Q: This is a comment, not a question. I always seem to catch your appearances on WNYC when I am not near a phone, thus I missed a chance to call in during the recent discussion of “cute.” The fact that one of your listeners heard New York City detectives using the word in a negative way struck me as owing to the strong influence of the Irish on the culture of the NYPD.
I have spent a good deal of time over the years with relatives in Ireland, where the word “cute” has always seemed to mean “clever,” but in a pejorative sense. Dubliners, for example, refer to the people from Cork as being “very cute,” implying: “Keep an eye on your wallet.”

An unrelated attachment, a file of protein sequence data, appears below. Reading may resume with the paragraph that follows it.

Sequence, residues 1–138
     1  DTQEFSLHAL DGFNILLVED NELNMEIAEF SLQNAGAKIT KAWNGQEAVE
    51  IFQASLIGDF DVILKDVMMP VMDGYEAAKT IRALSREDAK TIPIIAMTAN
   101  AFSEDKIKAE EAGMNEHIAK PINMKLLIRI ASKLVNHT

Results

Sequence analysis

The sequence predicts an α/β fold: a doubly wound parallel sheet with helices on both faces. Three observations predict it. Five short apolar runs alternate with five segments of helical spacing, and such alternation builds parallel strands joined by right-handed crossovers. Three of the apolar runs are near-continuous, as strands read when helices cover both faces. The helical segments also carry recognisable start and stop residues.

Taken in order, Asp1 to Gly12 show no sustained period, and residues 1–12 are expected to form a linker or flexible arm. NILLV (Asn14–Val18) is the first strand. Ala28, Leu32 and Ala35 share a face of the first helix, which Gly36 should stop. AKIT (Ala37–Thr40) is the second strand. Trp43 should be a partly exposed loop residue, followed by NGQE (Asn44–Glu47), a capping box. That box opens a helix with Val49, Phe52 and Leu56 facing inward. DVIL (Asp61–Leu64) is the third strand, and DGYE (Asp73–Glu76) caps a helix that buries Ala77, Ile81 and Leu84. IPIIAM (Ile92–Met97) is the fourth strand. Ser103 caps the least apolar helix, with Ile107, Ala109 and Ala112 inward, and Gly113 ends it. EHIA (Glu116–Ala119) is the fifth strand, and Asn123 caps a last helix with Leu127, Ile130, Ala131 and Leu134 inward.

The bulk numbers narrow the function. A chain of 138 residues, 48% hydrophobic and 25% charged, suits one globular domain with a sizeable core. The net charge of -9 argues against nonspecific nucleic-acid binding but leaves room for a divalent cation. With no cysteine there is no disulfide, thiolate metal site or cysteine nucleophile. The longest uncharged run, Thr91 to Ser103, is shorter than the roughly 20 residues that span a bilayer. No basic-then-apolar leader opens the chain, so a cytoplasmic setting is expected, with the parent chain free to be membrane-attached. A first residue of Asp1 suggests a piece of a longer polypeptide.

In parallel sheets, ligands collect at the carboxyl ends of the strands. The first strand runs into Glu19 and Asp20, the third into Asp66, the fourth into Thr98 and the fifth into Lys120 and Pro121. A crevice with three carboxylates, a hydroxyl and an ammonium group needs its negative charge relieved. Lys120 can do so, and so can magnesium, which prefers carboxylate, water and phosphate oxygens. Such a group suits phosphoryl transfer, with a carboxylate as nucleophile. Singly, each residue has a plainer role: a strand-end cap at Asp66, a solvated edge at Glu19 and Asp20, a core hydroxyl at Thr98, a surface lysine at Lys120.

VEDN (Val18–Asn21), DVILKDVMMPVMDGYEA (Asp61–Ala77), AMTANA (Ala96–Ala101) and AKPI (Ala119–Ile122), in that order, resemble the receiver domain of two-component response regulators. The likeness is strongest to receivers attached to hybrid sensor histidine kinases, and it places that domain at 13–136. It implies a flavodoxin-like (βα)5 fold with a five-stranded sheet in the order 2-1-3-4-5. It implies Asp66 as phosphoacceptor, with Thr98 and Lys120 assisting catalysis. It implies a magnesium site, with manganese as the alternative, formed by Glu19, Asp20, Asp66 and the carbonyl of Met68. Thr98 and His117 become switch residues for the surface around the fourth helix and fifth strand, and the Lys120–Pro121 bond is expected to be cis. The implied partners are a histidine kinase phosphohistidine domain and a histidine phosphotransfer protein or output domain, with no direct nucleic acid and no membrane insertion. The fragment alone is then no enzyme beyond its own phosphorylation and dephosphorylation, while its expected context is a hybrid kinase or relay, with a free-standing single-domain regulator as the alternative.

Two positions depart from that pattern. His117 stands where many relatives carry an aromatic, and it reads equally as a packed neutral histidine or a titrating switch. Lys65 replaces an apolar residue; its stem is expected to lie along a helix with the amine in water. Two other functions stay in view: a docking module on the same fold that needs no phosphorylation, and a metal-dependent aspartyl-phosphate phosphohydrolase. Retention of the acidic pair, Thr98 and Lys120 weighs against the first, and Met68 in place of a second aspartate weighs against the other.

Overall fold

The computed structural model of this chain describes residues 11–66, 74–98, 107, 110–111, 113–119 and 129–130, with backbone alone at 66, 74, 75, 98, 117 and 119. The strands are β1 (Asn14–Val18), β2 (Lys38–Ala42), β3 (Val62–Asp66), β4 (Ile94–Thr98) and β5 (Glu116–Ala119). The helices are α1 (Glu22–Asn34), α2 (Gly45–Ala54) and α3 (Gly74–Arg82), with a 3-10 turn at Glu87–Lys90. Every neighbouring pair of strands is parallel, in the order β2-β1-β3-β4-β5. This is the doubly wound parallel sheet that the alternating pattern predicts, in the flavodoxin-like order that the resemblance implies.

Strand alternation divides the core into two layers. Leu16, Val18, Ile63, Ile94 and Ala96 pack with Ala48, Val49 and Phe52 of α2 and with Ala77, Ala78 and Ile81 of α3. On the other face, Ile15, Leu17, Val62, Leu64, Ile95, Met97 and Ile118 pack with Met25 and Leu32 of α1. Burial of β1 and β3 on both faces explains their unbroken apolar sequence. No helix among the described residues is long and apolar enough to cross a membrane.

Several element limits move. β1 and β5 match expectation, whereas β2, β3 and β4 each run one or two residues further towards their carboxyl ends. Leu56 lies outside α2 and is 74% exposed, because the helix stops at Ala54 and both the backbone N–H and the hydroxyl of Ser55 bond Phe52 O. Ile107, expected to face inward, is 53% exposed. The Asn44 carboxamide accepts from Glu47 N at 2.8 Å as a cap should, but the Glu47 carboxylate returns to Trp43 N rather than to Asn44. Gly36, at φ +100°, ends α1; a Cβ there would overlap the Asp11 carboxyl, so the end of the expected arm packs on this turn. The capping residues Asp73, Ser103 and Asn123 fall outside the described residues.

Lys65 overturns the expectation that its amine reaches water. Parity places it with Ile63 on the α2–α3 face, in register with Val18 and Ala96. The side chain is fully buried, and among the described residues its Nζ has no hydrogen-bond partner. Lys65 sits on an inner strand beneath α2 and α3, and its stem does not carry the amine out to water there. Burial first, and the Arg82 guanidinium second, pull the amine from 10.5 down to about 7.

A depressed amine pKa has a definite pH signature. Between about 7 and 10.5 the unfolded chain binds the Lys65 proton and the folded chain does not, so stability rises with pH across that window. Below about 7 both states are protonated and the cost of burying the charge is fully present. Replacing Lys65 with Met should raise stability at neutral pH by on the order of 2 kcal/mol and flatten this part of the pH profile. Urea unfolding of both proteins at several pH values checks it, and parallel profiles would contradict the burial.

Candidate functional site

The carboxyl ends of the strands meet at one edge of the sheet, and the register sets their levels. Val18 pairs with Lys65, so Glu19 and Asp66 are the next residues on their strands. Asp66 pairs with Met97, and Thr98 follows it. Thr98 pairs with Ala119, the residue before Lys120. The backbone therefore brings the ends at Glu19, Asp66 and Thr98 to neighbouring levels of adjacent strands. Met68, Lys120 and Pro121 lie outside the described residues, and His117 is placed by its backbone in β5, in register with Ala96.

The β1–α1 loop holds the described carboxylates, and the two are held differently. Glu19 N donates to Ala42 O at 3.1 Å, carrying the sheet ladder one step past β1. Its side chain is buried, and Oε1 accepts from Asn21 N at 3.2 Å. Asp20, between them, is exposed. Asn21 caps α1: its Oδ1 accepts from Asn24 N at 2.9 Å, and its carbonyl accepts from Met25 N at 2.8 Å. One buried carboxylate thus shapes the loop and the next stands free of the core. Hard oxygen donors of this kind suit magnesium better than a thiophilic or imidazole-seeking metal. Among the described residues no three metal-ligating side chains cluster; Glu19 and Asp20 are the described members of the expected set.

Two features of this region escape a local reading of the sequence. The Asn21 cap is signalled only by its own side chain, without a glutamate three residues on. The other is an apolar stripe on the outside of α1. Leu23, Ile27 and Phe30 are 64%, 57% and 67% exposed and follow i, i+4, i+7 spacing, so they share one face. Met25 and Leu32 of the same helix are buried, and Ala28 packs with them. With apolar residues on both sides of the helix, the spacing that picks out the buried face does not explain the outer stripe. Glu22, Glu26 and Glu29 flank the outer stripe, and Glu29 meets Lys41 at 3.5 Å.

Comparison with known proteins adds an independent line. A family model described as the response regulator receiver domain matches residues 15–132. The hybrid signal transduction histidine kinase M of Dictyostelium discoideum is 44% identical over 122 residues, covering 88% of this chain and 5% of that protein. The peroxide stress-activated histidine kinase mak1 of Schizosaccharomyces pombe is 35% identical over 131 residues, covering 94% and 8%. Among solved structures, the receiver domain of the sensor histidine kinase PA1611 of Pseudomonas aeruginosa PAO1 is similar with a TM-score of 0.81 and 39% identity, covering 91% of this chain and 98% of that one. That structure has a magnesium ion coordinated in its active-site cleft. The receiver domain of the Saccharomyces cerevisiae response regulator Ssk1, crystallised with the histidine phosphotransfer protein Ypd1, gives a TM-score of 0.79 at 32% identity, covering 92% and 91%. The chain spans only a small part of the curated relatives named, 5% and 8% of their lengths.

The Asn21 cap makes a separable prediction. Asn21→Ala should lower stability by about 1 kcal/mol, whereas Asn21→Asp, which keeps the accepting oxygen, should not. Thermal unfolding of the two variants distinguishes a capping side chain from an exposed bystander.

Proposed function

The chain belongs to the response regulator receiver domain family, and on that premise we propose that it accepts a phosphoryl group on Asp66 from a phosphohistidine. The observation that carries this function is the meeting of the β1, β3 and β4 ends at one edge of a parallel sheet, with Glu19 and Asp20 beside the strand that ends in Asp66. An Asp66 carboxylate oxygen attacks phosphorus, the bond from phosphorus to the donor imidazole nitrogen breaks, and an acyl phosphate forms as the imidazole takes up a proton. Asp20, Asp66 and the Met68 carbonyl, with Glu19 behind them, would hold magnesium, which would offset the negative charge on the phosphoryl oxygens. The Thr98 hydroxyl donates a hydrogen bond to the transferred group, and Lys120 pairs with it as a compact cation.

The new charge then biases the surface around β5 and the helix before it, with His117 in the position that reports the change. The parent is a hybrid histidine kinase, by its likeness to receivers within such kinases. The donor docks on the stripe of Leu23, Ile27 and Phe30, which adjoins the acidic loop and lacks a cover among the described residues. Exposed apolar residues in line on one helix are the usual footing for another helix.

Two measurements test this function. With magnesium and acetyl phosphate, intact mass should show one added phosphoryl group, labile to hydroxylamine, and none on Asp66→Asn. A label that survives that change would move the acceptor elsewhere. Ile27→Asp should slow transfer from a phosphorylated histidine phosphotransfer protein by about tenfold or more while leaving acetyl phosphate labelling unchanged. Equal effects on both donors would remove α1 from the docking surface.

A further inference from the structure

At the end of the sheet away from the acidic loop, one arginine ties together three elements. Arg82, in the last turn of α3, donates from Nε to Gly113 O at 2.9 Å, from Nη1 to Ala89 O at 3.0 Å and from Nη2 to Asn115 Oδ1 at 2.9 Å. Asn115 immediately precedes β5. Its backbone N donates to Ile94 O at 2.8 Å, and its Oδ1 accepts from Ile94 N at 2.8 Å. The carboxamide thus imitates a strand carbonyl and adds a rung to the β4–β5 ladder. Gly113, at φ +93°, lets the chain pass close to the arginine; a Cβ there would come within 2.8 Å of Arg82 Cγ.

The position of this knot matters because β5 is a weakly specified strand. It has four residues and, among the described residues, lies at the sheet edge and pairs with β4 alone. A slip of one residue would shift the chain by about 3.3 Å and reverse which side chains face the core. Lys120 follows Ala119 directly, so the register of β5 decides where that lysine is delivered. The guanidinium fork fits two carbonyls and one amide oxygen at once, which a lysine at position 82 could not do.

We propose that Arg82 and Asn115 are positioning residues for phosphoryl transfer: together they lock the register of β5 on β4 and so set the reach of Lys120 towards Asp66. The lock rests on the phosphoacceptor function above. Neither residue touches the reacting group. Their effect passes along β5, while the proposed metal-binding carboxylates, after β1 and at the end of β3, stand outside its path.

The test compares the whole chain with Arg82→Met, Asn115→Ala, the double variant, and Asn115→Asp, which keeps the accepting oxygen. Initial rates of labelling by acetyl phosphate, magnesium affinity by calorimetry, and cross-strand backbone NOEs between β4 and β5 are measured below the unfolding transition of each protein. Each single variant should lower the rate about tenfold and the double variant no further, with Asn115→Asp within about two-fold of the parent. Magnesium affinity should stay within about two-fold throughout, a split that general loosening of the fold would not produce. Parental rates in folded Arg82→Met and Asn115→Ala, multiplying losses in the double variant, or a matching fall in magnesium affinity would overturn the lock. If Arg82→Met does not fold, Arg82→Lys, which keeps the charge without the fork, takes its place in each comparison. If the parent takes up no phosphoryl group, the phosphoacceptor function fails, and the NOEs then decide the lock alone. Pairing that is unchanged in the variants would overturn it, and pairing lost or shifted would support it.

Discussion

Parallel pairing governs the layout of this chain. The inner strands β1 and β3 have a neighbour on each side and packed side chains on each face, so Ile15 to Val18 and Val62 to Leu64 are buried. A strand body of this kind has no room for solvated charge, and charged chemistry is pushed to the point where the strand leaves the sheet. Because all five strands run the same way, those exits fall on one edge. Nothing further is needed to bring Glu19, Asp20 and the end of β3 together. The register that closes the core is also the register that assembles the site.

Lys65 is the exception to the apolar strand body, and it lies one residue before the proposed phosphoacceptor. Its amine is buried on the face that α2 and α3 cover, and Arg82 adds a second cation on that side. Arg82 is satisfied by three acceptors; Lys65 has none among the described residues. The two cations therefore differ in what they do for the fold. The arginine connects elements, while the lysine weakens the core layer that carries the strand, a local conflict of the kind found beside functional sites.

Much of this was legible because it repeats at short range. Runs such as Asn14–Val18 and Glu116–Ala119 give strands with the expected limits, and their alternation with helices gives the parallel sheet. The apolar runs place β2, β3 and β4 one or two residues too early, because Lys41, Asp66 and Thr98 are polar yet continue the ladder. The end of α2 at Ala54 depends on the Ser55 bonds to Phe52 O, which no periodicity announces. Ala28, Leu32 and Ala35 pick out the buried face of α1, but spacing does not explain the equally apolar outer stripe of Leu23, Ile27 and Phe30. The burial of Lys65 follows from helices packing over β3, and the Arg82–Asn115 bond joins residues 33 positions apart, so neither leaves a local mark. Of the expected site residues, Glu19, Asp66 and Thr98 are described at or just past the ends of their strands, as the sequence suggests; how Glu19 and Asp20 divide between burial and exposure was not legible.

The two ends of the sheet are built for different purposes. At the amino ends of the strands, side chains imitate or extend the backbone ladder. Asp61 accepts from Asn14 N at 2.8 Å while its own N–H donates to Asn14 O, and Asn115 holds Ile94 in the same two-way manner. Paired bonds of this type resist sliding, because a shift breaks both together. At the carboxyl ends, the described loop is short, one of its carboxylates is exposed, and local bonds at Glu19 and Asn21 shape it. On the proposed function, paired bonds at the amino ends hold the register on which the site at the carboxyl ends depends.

I would maintain that this usage is not, as stated on the program, derived from our contemporary meaning of the word (usually said of attractive children), but rather from the Latin acutus, meaning sharpened. Pardon the pedantry. I guess it is my way of making up for all the Latin that I was forced to endure over the years—and now the Pope seems to be threatening to bring it all back!
A: Thanks for your interesting comments. I wish you’d been near a phone when I appeared last on the Leonard Lopate Show!
The Oxford English Dictionary agrees with you that “cute” comes from the Latin word acutus. In fact, the earliest published references for “cute” in the OED, going back to the 18th century, use the word to mean acute, clever, or shrewd, much as Shakespeare and Ben Jonson used “acute” in the 16th century.
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